r equipages and they were go
to get fish, whether it was June 1
cember or any month at all.
Well, one of the game wardens
ind of It and he didn't do a 1
at all- Oh, no!
hat did he do but put on a dis-1
, and then he sits down and
all due informality he invites
s. Schmitz and Rue! to be his
ss while in the Little Big Horn
Well, they were delighted. They K
uht he was one of those English
iner 'sons with more money than
ai that have large estates in1
frnia, I'm told, and they accept- I
e ubiquity you bet
Well, of course, that's just what
ame warden wants. He knows
r the big game and the little
eand any kind, of game is and
a the fish bite best and he went
'his hunting lodge where he1'
dlaugh by hiiself at the fun hei
oing to have; for. it was illegal
shoot anything but rabbits and
re dogs in that particular month i
e thought of the elegant fines i
emalefactors would have to pay.i
emet them with a trap, my
i said (wicked friend), and they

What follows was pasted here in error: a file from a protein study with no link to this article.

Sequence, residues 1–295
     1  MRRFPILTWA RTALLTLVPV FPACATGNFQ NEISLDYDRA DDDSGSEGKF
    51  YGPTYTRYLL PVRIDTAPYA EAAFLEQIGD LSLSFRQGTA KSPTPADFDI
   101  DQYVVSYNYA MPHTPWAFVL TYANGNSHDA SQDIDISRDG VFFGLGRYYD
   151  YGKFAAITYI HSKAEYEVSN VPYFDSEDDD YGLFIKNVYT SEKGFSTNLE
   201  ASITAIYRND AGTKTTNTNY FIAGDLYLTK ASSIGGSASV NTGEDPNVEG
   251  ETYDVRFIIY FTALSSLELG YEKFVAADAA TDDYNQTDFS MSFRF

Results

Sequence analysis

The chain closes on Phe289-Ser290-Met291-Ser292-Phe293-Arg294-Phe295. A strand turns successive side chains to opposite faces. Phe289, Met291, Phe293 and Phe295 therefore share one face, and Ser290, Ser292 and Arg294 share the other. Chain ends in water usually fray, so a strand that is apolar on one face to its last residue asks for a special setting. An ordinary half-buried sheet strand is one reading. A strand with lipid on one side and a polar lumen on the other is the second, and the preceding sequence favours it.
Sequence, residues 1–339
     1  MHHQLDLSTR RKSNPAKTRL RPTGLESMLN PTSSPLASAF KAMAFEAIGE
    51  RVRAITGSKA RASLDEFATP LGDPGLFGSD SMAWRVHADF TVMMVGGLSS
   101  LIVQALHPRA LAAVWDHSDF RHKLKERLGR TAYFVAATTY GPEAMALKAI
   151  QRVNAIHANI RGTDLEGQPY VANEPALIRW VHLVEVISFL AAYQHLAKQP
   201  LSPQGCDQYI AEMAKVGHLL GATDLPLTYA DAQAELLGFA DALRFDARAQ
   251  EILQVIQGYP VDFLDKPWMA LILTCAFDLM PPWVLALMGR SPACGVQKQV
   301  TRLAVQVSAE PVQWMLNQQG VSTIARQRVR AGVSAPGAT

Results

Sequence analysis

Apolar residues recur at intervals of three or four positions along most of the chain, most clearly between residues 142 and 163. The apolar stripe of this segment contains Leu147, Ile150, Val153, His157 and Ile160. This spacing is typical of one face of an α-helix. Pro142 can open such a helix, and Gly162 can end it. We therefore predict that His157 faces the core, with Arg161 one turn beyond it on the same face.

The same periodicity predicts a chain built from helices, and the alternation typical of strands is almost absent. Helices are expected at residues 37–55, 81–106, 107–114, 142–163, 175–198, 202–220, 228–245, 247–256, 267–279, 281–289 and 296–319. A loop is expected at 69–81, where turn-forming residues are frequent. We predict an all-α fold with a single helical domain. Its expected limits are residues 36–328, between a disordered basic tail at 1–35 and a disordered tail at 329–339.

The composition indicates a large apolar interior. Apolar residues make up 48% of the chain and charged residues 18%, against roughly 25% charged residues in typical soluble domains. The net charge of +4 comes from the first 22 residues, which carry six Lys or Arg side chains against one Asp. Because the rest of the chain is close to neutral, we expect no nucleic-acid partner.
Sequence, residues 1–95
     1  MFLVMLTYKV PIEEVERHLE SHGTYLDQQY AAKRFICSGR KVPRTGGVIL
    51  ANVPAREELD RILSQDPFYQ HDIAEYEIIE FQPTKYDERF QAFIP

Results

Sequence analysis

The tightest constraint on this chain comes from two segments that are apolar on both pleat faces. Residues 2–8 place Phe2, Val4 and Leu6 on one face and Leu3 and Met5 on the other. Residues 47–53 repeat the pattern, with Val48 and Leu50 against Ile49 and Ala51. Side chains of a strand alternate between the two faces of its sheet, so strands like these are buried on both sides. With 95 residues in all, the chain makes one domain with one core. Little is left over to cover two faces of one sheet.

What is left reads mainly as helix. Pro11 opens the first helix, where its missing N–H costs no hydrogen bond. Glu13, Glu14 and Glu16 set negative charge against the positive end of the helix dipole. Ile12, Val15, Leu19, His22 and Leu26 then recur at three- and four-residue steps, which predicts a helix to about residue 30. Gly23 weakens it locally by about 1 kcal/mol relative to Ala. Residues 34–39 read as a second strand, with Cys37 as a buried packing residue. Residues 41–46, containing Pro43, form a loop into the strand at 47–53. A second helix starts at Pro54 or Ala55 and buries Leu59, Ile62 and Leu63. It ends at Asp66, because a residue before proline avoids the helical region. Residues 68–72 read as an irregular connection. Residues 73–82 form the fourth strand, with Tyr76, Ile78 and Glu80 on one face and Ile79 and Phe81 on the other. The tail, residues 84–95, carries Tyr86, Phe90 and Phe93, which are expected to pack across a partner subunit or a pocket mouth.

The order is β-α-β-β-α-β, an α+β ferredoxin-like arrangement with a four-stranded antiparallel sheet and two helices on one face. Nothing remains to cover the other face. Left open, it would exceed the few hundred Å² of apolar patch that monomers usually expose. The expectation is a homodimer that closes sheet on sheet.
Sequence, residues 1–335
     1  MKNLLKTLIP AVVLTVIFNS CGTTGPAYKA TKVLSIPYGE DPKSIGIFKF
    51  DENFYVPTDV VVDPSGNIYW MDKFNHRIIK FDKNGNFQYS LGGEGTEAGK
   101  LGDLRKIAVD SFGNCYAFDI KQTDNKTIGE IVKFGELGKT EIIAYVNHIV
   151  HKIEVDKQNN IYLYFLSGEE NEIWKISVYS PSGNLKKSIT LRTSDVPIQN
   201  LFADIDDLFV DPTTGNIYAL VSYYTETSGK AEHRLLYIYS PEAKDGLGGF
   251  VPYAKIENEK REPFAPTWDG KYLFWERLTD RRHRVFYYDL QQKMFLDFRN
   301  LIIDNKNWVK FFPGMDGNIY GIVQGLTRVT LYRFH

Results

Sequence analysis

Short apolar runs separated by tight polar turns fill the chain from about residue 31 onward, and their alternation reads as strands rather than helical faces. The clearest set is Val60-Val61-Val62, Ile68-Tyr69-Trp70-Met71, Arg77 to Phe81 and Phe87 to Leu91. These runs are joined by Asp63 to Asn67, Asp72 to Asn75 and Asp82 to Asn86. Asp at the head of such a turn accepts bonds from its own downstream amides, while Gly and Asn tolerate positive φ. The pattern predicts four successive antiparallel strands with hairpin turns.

edelighted with him from the
pof the hat. He had a fine red I
ih beard and a bushy red wig
1hs face was naturally red and
od them some lies about being t
expatriate Englishman who had
ncut off from his inheritance as1
unger son, but had struck it rich
Nevada and had bought this big
They nev"er tumbled to its being
iaional park, my friend said, on
int of their being city men on 1
Myor Schmitz had his fiddle
ngand when night came and the<
cnrose they sat out under the<
eda trees and he played the
rsout of Ruef's eyes, my friendi
et morning bright and early I
ywent out after moose. The game I
rdn he knew where there was a i
lymoose and he led them on and I
eRue! first crack at him, and
abit of bull luck Ruef hit the i
os the first shot and down she I
as dead as a hammock.
Well, that was nuts for the war- I
i.for the fine on mooses was $25, 1
fto go to the warden.
Nxt Schmitz brought down one
tese mountain lions, a female,
I hat was $15, for my friend says(
utain lions get scarcer every
Leone is shot.
So twnt all ay long, the war-1l
REPORT OF THI
kt the Close of Busi
Condensed from Report
- - $378,462.04
- - 3,116.93
.. - 9,750.00
inks - - 43,413.24
4 "9 Paid on Se
The Bank That Alw
DR. O. B.
[en on the sly fired in the air so
.s not to break the law, and Schmitz
,nd Ruef had beginners' luck and